Overcoming and offering: Narratives of resilience from diverse older adults

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Advancements in science, technology, and medicine are extending the average human lifespan while the largest cohort in the U.S. is moving into older adulthood. These older adults are diverse regarding gender, race/ethnicity, economic status, and living patterns, resulting in intersecting and multiple advantages and disadvantages that will likely impact the need and availability of care in different ways due to a differential distribution of health risks and behavior, economic status, and family/living structure. Recent theoretical models of aging have found the attributes and processes of resilience to be a key factor in aging well. There is much that has been published on the characteristics and enhancement of resilience, while assessing resilience continues to fall behind in research. Exploring resilience in the lives of diverse older adults from the perspectives of their culture, life history, and individual circumstances is a way to understand unique health outcomes in later years. The purpose of this study was to add to the discussion on the phenomenon of resilience as experienced by diverse older adults in the U.S. through the exploration of the qualities and processes of resilience or resilient adaptation as communicated in personal narratives. For this study, a phenomenological approach was used to gain a deep understanding of the nature and meaning of resilience described by older adults as positive outcomes after adverse life events. The diverse identities of the storytellers include ages ranging from 65 to 96 years old, and racial/ethnic backgrounds including Black, Asian, White, American Indian, and Hispanic individuals. Six storytellers self-identified as cisgender women, one as a transgender woman, and eight as cisgender men. Twelve storytellers self-identified as heterosexual and three as gay. The data for this study came from stories previously communicated by older adults, which were found in the public domain. The Google Chrome search engine was utilized to find electronically submitted stories communicated in written and/or oral format by diverse older adults, in which resilience was thematically evident. Stories communicated in written form were copied exactly and stories recorded in oral format were transcribed. Three main themes were identified from the 15 stories collected and analyzed – Theme 1/Personal Attributes, Theme 2/Social Resources, and Theme 3/Actions and Behaviors. Findings were generally consistent with recent aging research suggesting the importance of personal, social, and environmental resources in facilitating successful aging through resilient adaptation (Holstein & Minkler, 2003. Recommendations for training and policymaking are also offered.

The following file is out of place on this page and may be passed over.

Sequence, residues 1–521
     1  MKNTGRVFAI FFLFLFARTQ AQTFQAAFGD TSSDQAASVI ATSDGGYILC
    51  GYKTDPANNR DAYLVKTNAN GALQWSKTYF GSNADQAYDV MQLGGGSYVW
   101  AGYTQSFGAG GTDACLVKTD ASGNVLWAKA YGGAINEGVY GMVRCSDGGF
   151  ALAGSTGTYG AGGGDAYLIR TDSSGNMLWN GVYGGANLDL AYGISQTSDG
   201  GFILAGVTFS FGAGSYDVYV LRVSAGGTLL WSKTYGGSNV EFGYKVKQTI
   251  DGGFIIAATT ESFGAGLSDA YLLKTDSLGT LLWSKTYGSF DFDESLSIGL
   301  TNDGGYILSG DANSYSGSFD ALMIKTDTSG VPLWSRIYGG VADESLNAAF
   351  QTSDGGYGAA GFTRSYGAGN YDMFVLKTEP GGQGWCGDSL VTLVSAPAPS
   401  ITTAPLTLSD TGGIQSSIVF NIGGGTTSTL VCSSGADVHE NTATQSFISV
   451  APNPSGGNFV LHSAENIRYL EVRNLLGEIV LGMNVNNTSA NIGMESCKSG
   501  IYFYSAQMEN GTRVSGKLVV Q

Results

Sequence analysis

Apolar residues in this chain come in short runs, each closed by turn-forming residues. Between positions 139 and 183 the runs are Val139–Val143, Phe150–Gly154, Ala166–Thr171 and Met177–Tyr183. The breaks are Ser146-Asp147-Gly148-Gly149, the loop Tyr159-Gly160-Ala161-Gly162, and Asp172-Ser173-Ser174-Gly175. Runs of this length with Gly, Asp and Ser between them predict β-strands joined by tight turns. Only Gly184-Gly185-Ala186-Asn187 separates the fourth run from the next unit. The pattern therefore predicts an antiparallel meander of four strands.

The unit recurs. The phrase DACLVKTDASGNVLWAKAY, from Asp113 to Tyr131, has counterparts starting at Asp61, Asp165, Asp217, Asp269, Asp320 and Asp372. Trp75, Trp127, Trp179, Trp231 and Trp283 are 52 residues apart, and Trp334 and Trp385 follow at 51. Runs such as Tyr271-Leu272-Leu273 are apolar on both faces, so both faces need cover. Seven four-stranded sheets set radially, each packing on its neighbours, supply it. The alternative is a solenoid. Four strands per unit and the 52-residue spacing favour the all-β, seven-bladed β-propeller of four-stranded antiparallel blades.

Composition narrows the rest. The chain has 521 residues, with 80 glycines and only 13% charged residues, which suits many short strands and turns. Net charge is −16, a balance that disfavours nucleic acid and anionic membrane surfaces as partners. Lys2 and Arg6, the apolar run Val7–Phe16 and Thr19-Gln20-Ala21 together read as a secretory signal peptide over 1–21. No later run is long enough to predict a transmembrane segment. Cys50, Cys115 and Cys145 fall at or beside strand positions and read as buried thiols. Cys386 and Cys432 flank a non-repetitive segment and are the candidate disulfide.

Older, Adult, Blogs, Stories